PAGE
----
Because the release procedure is deliberately biased toward conservatism, the justifications offered for vetoes are sometimes procedural rather than technical. For example, a person may feel that a change is well-written and unlikely to cause any new bugs, but vote against its inclusion in a micro release simply because it's too big—perhaps it adds a new feature, or in some subtle way fails to fully follow the compatibility guidelines. I've occasionally even seen developers veto something because they simply had a gut feeling that the change needed more testing, even though they couldn't spot any bugs in it by inspection. People grumbled a little bit, but the vetoes stood and the change was not included in the release (I don't remember if any bugs were found in later testing or not, though).
If your project chooses a change voting system, it is imperative
that the physical mechanics of setting up ballots and casting votes be
as convenient as possible. Although there is plenty of open source
electronic voting software available, in practice the easiest thing to
do is just to set up a text file in the release branch,
something like that. This file lists each proposed change—any
developer can propose a change for inclusion—along with all the
votes for and against it, plus any notes or comments. (Proposing a
change doesn't necessarily mean voting for it, by the way, although
the two often go together.) An entry in such a file might look like
* commit b31910a7180fc (issue #49) Prevent client/server handshake from happening twice. Justification: Avoids extra network turnaround; small change and easy to review. Notes: This was discussed in http://.../mailing-lists/message-7777.html and other messages in that thread. Votes: +1: jsmith, kimf -1: tmartin (breaks compatibility with some pre-1.0 servers; admittedly, those servers are buggy, but why be incompatible if we don't have to?)
In this case, the change acquired two positive votes, but was vetoed by tmartin, who gave the reason for the veto in a parenthetical note. The exact format of the entry doesn't matter; whatever your project settles on is fine—perhaps tmartin's explanation for the veto should go up in the "Notes:" section, or perhaps the change description should get a "Description:" header to match the other sections. The important thing is that all the information needed to evaluate the change be easily accessible, and that the mechanism for casting votes be as lightweight as possible. The proposed change is referred to by its revision number in the repository (in the above case a single commit, b31910a7180fc, although a proposed change could just as easily consist of multiple commits). The revision is assumed to refer to a change made on the trunk; if the change were already on the release branch, there would be no need to vote on it. If your version control system doesn't have an obvious syntax for referring to individual changes, then the project should make one up. For voting to be practical, each change under consideration must be unambiguously identifiable.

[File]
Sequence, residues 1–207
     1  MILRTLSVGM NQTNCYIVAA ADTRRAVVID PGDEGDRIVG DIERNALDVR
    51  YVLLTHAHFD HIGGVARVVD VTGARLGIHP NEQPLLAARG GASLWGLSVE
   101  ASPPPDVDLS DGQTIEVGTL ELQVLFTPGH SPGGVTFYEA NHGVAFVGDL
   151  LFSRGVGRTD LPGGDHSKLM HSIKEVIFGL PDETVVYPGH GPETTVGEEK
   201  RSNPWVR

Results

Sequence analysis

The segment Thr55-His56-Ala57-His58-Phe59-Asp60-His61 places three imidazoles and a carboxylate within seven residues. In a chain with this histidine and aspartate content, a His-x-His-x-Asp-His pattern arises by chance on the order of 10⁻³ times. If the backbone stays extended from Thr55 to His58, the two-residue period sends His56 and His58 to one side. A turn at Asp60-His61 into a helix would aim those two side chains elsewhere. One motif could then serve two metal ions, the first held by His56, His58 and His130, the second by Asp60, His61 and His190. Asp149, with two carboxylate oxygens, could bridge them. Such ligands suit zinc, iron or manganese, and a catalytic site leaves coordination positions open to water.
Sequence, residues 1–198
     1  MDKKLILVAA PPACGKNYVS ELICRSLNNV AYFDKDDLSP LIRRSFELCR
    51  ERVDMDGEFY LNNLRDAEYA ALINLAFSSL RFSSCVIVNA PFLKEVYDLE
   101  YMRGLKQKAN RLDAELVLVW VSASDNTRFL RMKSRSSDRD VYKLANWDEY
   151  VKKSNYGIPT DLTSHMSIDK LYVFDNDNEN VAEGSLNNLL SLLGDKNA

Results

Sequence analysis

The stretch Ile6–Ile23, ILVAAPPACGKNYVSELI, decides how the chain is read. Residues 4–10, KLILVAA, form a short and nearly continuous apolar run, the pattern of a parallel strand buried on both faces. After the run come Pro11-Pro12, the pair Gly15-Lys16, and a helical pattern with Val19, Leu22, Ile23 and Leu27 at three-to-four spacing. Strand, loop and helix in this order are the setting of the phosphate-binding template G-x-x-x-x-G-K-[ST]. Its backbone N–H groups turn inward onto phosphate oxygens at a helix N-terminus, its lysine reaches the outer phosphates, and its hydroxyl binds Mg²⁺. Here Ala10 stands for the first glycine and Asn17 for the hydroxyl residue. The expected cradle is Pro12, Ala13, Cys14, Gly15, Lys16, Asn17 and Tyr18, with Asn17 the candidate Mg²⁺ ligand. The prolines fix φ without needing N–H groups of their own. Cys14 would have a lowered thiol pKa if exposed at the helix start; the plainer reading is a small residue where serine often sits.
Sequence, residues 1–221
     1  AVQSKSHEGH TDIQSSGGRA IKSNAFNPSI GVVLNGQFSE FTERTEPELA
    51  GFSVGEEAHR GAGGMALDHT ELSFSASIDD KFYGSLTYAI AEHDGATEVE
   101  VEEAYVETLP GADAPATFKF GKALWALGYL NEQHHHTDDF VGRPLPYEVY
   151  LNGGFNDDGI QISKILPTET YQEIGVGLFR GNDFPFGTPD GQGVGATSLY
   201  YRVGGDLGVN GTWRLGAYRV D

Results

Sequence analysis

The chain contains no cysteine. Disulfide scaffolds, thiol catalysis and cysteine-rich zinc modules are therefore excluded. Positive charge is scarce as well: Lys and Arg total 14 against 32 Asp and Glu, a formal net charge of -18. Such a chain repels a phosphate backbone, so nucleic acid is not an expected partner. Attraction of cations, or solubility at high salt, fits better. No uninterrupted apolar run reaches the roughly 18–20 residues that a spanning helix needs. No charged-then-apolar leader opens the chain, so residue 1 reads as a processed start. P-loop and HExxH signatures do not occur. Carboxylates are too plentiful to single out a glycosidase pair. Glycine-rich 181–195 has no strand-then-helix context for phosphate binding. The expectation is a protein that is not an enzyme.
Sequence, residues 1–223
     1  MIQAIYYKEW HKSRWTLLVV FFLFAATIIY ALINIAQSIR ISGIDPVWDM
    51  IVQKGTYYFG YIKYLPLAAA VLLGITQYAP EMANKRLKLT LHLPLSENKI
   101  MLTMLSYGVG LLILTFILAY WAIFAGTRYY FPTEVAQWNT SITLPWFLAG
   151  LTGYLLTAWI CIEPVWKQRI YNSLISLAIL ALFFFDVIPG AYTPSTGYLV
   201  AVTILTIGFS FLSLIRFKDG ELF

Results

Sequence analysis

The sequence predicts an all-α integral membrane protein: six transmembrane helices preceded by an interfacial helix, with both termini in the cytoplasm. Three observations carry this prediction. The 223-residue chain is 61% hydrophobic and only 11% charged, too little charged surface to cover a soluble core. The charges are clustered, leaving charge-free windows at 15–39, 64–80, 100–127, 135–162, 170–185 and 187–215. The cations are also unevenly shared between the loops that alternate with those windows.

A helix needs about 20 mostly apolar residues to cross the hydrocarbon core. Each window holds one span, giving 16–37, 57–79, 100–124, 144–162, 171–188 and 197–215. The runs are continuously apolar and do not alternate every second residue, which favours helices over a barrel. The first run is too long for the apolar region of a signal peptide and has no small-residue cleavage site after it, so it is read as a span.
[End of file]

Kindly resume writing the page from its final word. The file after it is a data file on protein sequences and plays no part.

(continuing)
Those proposing or voting for a change are responsible for making sure it applies cleanly to the release branch, that is, applies without conflicts (see conflict). If there are conflicts, then the entry should either point to an adjusted patch that does apply cleanly, or better yet to a temporary branch that holds an adjusted version of the change, for example: